Perzonal War – The Last Sunset (Metalville)Sunday, 19th July 2015
If you like your thrash served up from the Bay Area kitchen, filled with crunchy guitars spitting out thick, meaty riffs with plenty of bite and strong melodic vocals, then look no further than Perzonal War. Having formed nearly 20 years ago in 1996 as a collaboration between singer and guitarist Matthias Zimmer and drummer Martin Buchwalter under the moniker Personal War, the band from Troisdorf, North Rhine-Westphalia in Germany had to undergo a slight name change to Perzonal War in 2002 due to legal reasons. For many years, the band fought its way through the German underground scene to eventually land spots on a number of festivals, as it honed its unique thrash attack.
With latest offering The Last Sunset, the band’s eighth full-length album, the riffs may be fast and heavy (see “30 Years” for some especially pummeling guitars), quickly locking into a groove and hammering away, but Zimmer’s vocal delivery is a far cry from the throaty rasps of Bay Area veterans such as Chuck Billy or Steve “Zetro” Souza. Zimmer opts for a much cleaner delivery, more in line with John Bush, and while it may not exhibit the sneer of a Dave Mustaine, his vocals are still powerful and full of confidence. Just listen to him belt out “I am a Metalizer” on “Metalizer” to see what a commanding presence he brings to the fore, or check out his performance on “Never Look Back,” which slows the pace in the verses and shifts to a mid-paced rocker when the chorus hits.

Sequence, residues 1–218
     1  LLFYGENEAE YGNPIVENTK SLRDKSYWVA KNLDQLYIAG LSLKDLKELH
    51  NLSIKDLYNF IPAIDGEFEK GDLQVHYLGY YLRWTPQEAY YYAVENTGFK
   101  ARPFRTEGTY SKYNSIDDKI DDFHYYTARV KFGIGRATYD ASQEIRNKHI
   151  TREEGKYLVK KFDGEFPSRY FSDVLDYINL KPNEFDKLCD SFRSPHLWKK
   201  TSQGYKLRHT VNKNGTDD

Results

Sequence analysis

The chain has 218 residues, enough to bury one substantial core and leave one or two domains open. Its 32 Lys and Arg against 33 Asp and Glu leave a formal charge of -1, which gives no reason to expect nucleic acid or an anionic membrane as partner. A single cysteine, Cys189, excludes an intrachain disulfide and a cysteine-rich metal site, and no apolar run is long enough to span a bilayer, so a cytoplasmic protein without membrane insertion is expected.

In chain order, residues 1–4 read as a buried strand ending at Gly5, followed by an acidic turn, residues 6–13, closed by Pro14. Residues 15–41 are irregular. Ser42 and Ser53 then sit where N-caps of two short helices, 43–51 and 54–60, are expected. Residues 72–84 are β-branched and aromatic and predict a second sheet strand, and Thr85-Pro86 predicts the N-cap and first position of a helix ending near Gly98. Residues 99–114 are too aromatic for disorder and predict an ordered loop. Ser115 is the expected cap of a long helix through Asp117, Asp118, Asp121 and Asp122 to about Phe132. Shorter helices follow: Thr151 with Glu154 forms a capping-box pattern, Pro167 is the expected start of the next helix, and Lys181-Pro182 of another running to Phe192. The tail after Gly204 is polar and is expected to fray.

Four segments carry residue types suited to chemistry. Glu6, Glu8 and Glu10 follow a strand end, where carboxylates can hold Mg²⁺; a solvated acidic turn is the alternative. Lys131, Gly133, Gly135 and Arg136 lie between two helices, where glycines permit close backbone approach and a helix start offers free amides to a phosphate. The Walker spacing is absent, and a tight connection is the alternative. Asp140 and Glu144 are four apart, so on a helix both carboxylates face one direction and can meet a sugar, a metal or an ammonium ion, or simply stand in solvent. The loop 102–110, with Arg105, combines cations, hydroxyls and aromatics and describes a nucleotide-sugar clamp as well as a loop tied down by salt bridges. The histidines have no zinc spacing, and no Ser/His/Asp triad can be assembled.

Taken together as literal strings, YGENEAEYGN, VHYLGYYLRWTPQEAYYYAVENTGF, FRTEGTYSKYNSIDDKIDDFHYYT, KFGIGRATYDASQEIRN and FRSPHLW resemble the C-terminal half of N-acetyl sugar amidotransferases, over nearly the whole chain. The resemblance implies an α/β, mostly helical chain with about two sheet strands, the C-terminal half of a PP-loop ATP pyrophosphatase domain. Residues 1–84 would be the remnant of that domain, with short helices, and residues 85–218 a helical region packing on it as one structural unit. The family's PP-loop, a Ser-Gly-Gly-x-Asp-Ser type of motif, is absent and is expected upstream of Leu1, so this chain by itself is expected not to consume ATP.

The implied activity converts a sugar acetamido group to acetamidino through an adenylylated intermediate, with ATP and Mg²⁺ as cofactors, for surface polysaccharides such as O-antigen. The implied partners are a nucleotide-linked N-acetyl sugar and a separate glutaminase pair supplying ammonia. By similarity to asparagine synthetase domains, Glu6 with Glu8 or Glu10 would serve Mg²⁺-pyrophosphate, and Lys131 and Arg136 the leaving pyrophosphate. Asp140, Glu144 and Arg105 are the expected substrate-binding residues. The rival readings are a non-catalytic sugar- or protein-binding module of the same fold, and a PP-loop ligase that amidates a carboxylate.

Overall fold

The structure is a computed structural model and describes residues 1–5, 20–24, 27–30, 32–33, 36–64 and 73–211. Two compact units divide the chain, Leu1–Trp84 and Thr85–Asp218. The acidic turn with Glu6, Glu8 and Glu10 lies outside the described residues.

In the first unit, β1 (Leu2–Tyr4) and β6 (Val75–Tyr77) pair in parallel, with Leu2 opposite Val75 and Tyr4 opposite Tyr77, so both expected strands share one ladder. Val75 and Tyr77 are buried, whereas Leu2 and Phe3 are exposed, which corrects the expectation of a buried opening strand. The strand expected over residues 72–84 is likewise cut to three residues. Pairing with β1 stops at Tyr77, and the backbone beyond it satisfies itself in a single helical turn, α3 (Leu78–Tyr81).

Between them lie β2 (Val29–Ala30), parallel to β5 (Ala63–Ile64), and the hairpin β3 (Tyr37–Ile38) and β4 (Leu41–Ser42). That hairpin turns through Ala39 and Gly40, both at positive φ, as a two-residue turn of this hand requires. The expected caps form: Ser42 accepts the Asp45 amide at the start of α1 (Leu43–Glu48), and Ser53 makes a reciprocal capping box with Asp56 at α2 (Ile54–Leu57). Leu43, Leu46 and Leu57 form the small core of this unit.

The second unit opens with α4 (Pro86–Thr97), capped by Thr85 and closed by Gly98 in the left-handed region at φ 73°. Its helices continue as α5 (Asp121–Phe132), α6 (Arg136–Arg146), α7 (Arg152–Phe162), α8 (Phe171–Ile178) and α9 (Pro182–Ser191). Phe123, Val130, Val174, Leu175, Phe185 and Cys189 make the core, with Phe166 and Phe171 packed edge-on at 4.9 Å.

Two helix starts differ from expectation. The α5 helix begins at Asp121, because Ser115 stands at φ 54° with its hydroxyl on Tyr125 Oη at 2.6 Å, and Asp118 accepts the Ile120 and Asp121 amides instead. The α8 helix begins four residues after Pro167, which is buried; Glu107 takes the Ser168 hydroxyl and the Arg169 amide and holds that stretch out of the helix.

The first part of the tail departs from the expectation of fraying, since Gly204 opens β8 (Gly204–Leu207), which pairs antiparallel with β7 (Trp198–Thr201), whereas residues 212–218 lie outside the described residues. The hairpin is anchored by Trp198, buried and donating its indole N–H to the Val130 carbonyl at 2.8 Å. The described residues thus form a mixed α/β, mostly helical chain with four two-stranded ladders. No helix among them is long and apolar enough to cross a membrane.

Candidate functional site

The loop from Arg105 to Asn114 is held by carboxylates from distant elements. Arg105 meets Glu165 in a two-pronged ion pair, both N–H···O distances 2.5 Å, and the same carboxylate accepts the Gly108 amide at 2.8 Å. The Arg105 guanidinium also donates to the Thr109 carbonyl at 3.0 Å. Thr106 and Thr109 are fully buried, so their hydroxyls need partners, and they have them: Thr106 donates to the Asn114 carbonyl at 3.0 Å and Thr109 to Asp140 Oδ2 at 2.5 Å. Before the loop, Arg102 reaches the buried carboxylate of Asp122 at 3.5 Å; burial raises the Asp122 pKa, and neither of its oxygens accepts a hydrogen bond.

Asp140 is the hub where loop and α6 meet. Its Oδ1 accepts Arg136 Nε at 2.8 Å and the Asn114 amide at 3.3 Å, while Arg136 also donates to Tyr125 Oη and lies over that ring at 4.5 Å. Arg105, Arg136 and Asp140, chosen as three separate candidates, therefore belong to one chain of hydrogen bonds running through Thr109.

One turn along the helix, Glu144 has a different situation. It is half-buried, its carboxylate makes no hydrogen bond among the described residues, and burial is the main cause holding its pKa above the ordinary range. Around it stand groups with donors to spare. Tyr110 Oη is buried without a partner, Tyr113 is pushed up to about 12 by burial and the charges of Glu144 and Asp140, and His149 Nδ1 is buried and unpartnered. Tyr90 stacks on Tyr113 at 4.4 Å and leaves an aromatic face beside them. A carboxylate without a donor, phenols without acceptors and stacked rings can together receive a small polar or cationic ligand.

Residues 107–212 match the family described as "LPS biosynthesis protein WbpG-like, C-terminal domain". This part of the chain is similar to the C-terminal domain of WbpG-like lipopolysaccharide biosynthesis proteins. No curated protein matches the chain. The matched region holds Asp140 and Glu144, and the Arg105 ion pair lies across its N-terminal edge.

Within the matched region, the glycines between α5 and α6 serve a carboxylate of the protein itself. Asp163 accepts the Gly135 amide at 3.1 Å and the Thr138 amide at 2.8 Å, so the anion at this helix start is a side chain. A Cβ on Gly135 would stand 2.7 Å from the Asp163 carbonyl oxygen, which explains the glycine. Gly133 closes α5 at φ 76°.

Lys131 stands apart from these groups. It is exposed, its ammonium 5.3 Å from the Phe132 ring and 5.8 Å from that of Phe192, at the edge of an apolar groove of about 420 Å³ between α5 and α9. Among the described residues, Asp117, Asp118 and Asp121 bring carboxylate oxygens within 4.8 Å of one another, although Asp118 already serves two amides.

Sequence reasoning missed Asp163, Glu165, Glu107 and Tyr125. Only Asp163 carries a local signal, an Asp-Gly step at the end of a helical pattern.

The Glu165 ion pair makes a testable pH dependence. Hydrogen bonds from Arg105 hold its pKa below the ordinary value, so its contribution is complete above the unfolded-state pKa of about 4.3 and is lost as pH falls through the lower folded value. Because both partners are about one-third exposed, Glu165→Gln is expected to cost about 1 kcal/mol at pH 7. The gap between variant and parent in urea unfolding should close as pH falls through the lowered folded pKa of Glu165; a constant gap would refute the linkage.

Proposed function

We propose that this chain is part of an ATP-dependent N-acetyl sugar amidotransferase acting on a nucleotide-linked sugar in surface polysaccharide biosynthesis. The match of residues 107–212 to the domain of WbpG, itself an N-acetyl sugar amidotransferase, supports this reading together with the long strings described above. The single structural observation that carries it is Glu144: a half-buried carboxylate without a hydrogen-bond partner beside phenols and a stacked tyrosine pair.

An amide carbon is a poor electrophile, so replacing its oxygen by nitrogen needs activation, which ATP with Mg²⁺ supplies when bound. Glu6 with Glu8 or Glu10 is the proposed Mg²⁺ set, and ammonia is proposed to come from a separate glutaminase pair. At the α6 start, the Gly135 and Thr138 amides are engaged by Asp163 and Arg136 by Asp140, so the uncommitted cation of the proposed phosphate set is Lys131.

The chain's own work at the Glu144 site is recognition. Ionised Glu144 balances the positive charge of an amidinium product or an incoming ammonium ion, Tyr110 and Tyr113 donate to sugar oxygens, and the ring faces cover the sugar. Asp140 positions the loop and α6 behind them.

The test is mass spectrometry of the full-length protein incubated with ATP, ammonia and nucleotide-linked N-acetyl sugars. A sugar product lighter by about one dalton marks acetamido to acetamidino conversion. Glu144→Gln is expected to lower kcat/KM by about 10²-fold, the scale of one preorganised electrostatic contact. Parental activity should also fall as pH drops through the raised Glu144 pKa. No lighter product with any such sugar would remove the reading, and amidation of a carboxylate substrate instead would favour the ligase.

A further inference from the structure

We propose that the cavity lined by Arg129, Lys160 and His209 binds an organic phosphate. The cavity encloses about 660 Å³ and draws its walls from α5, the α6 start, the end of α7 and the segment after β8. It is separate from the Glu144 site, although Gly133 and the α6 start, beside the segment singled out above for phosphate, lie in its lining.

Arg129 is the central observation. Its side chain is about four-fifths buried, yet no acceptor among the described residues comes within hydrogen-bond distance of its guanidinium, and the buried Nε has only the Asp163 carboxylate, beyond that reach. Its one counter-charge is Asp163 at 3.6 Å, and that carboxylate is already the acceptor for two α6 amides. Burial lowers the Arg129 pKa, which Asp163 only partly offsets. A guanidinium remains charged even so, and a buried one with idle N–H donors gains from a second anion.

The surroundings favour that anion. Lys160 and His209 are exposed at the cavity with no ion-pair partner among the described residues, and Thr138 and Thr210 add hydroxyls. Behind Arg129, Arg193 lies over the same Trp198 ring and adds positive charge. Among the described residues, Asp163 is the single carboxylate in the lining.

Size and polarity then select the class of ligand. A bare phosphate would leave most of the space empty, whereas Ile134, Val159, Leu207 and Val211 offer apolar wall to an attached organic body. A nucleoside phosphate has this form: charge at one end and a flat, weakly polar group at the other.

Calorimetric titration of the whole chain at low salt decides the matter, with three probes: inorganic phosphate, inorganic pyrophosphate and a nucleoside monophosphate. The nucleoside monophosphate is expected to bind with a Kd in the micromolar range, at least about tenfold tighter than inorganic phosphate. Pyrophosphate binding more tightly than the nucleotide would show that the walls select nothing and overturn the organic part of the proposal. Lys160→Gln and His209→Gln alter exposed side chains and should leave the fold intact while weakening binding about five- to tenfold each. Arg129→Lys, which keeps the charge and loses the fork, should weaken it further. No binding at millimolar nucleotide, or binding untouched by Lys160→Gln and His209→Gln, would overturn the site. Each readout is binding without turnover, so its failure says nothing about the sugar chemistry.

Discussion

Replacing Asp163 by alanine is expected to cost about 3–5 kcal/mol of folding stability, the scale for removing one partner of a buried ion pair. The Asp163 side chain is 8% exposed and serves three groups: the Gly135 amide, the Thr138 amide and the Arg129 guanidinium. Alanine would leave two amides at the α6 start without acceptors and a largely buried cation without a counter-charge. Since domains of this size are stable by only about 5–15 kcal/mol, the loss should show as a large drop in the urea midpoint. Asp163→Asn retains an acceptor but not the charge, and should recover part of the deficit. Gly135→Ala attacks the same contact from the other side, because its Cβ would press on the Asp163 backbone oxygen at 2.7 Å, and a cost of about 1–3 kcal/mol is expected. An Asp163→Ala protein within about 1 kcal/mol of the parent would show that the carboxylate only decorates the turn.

While the vocals carry more of a power metal flavor, the riffs and solos doled out by Zimmer and fellow six-string partner in crime Andreas Ballnus are full on thrash. With “Salvation” and “Speed of Time,” the album boasts a one-two punch right out of the gate that will sufficiently wreck your neck. Bassist Bjorn Kluth adds plenty of heft to the proceedings, and Buchwalter definitely puts his body through the paces bashing the skins (see his punishing intro on the title track).
For the most part, Perzonal War delivers no frills, heads-down, straight up thrash punctuated by catchy, infectious choruses and a powerful clean vocal delivery, but it throws in just enough curve balls, such as the slow and brooding, almost doom-y “When Faith Has Gone Forever,” to still keep things fresh. Clocking in at 43:13 and possessing a sharp production; The Last Sunset gets in and out, setting heads banging and horns flying with relative ease.